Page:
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Getting to Know Your Office Neighborhood

Deborah Swerdlow profile image

Deborah Swerdlow

An overhead shot of a neighborhood.

During the week, we spend most of our waking hours at work—but how much do we know about the area surrounding our offices, the neighborhood where we spend all this time?

For many of us, the answer may be “not much.” You may know the closest public transit stops or restaurants to grab a quick bite, but probably not the history of your neighborhood, local community leaders (past and present), or the trends that have changed and shaped the area.

Getting to know your office neighborhood on a deeper level is one way to live out the social-impact philosophy. Just as you want your work to be more than just a day job, a little bit of research can help you see your workplace as more than just a place you spend seven to eight hours a day.

Learn about the neighborhood’s history

Every neighborhood has a history. Your local library or historical society is a good place to start digging to learn more about when your neighborhood was established, what it was like way back when, and how it has changed over time. Explore news archives to get a feel for what the main issues were in those early years.

You can also do your own research just by looking around: What prominent institutions (houses of worship, schools, government buildings, community centers, etc.) do you notice around the neighborhood? Do you see any streets that seem to be named after prominent local figures? Like a journalist, use what you see around you as “leads” for your research into the local history.

If your organization maintains its own archives, there may be valuable information in there as well. You could check with a staff archivist or librarian, or ask your boss or a longtime employee if they know of any organizational archives.

Reach out to local schools and service providers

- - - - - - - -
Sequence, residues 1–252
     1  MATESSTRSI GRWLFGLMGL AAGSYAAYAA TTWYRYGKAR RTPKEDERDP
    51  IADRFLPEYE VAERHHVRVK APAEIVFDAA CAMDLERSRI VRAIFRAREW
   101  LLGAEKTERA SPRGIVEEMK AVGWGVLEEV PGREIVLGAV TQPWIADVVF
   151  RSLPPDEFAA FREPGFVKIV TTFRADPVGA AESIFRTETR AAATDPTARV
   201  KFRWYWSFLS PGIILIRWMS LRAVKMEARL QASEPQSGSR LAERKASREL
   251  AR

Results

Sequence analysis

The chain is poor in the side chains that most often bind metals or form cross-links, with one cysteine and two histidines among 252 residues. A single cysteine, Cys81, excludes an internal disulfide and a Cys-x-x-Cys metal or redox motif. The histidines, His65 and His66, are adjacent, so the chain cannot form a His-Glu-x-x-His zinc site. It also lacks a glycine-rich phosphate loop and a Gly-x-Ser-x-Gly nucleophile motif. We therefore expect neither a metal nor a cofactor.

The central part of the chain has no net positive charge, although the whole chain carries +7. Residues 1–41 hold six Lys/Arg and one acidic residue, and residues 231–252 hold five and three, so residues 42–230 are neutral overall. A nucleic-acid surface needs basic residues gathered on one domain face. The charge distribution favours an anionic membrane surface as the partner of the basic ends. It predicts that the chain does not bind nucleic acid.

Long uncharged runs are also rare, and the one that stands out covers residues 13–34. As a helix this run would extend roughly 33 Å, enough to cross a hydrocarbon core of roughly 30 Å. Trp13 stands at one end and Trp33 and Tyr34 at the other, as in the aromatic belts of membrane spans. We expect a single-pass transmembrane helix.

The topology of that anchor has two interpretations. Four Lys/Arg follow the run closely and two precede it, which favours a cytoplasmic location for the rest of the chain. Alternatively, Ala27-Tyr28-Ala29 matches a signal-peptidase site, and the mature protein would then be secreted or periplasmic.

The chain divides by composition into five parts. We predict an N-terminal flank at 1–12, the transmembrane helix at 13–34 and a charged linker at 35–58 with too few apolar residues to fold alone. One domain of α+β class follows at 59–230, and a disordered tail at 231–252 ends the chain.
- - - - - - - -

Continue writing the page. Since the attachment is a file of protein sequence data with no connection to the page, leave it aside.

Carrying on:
To learn more about what’s happening in your office neighborhood today, connect with the institutions that are on the frontlines: local schools and service providers.

Some schools have community engagement professionals who work with parents, local businesses, and other community members to support students and help them succeed. They can tell you about their student population, their greatest needs, and how you can get involved. You can also attend school board meetings or city council meetings to learn about the current issues facing local students and parents.

Direct service providers such as food banks and food pantries, homeless shelters, and Community Action Agencies can also provide insight into current issues and ways you can help. For example, your office could hold a donation drive for requested items.

Patronize local businesses

While purchasing from and partnering with big chain restaurants and companies may be your first instinct, buying from local businesses is one concrete way to learn more about and support your office neighborhood. For example, order catering for your next office lunch from a local restaurant or work with a local printer to produce the handouts for your next conference. Make sure to acknowledge the businesses from the front of the room or with a placard near the finished product so that other people will consider patronizing them as well.

Your purchasing power can have an even greater impact if you support local companies owned by women or people of color, who tend to face more barriers to launching and sustaining their businesses.

To find businesses in your community, you can check all sorts of places, from your local Chamber of Commerce to the community corkboard at your favorite coffee shop. If you’re looking specifically for smaller businesses that may not have big PR budgets, ask the nearby district office of the U.S. Small Business Administration if they have a list of businesses or check the American Express Shop Small map.

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Deborah Swerdlow profile image

Deborah Swerdlow

As a nonprofit advocacy professional living in Washington, D.C., Deborah works with groups across the country to educate their communities and lawmakers about public policies that can help low-income residents make ends meet. She is passionate about helping people connect their interests to a cause they believe in and empowering them to take action.

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